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Chinese bureaucrats cause a ruffle by approving Mercedes and BMW cars for government use

 

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It appears it’s not just Detroit’s automakers posting billion dollar losses this year

It appears it’s not just Detroit’s automakers posting billion dollar losses this year

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China is now the single biggest market in the world for new cars but that doesn’t mean the government is slowing down on the purchase of cars for its official fleets. While this usually would not be worthy of reporting, the fact that the Chinese government has approved luxurious Mercedes Benz and BMW vehicles for its fleets has started to cause a stir among local citizens.

The announcement was made last month and has since lead to an outpouring of criticism from people like 50-year old chauffeur Yang Jun, who stated to state-controlled newspaper People’s Daily: “Why should they enjoy such luxury? It’s a waste of public money.”

Adding to the anger is the hypocrisy of the government, which has been calling for people to buy domestic products in an effort to help boost the economy.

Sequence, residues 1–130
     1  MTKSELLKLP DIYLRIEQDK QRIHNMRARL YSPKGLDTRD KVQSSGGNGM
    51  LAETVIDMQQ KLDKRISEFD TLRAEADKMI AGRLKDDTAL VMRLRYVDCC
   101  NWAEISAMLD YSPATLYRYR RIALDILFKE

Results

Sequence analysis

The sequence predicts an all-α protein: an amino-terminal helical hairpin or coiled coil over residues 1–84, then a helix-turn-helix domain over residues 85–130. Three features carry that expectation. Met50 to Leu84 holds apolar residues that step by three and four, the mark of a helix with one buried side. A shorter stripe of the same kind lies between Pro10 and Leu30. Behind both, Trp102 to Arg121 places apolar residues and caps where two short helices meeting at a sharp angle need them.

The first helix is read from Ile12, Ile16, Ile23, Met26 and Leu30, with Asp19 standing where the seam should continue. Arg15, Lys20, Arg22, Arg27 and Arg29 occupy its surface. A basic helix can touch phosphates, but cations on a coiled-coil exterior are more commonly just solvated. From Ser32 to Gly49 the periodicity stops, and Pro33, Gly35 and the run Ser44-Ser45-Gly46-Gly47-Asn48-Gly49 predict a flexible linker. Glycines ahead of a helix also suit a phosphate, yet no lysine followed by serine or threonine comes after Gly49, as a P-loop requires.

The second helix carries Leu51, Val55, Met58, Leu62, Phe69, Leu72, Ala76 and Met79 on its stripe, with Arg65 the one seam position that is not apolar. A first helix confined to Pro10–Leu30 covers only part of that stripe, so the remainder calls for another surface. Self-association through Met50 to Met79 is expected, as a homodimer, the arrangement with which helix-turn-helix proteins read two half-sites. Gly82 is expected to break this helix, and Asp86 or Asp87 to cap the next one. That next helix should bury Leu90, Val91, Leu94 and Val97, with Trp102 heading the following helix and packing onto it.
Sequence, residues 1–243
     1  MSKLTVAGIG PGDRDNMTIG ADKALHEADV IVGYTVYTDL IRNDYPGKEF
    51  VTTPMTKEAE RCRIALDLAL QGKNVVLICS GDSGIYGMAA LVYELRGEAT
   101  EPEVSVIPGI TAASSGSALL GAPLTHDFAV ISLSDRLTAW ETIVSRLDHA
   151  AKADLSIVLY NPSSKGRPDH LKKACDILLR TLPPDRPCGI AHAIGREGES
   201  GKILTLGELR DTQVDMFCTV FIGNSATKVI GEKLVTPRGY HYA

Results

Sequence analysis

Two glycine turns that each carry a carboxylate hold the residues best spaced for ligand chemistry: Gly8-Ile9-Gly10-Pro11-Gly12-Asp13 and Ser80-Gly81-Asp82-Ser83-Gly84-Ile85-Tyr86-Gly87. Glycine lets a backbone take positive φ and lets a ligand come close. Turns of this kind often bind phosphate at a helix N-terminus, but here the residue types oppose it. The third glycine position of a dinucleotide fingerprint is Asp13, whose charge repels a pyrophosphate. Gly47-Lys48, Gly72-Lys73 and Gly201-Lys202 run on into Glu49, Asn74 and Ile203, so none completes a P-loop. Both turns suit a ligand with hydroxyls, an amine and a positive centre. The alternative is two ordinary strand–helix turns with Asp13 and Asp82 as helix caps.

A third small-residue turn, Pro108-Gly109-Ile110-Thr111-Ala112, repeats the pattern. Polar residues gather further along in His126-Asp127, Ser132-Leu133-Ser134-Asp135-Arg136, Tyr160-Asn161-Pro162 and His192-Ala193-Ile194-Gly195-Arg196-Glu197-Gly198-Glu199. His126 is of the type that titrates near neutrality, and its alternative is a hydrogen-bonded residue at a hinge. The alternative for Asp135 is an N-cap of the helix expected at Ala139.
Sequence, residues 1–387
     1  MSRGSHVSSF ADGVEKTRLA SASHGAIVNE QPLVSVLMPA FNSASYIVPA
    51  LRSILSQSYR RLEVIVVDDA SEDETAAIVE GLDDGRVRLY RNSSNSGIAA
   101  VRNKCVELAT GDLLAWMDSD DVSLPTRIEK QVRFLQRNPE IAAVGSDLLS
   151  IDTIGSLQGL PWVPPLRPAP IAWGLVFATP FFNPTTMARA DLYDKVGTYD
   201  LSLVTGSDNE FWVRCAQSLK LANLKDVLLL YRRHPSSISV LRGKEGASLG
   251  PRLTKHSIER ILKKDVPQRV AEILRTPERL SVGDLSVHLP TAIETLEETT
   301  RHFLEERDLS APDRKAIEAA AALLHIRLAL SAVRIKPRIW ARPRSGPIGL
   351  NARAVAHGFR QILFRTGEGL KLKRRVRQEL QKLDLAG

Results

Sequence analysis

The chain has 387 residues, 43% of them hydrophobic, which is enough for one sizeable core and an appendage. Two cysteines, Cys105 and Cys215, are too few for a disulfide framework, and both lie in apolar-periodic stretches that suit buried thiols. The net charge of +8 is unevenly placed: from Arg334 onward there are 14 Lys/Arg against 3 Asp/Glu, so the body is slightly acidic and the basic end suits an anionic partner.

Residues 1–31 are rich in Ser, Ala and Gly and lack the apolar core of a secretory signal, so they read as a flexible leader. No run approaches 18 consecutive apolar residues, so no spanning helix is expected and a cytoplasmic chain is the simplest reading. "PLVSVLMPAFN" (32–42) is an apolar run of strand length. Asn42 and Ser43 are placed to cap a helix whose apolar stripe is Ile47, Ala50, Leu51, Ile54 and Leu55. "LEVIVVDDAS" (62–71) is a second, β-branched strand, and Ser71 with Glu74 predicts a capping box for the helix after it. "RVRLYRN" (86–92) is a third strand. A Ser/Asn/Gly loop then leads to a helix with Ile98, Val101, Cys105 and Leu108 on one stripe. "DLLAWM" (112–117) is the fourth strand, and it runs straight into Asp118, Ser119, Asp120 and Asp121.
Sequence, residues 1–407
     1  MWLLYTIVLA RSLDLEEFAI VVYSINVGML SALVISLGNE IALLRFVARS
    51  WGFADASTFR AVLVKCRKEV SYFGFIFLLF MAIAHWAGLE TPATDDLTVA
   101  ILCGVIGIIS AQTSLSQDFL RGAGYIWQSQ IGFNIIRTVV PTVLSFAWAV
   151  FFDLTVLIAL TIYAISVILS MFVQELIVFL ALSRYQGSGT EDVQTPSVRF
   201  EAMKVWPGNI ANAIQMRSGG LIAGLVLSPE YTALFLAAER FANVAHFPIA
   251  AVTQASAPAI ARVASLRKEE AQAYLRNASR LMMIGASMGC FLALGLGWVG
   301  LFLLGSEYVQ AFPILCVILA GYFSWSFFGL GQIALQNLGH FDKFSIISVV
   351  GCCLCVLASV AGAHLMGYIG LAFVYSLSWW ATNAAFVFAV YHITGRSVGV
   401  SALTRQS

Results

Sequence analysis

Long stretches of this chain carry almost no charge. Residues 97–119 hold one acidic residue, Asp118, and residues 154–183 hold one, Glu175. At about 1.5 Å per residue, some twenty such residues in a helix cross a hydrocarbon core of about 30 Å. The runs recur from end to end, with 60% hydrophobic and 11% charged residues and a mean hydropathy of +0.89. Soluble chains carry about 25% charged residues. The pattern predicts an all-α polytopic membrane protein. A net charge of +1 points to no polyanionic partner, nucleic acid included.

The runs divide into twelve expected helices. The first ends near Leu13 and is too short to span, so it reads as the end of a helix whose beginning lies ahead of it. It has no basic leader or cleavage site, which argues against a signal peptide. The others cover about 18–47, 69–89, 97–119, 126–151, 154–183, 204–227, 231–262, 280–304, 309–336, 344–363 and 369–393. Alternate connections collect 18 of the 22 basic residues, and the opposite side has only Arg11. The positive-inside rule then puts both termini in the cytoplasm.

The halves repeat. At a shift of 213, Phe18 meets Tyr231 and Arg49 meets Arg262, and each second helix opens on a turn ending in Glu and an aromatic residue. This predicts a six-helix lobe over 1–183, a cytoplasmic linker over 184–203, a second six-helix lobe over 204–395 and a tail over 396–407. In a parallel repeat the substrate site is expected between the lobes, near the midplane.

In fairness, no cars have actually been bought as the Mercedes Benz and BMW brands have only been added to a list of approved vehicles for government purchase. Furthermore, the approved cars must be manufactured in China. Both Mercedes Benz and BMW build cars in China together with their respective local partners Beijing Automobile and Brilliance, and much of the government’s fleets are already filled up with Volkswagen and Audi vehicles.

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Comments (3)
  1. "...the government...
    ...been calling for people to buy domestic products in an effort to help boost the economy."

    Protectionism Anyone?

    Why doesn't the US Government do the same?
     
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  2. "...the government...
    ...been calling for people to buy domestic products in an effort to help boost the economy."

    Protectionism Anyone?

    Why doesn't the US Government do the same?

    There was something ike that on the table in Congress but it ticked out our allies off.
     
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  3. There was something ike that on the table in Congress but it ticked out our allies off.

    No need for anything like a law - perhaps just a few well-worded public service messages on the major networks to the American Public that if we don't want to continue to lose jobs and be in debt to the Chinese for the next century that buying American products whenever possible might not be a bad idea...
     
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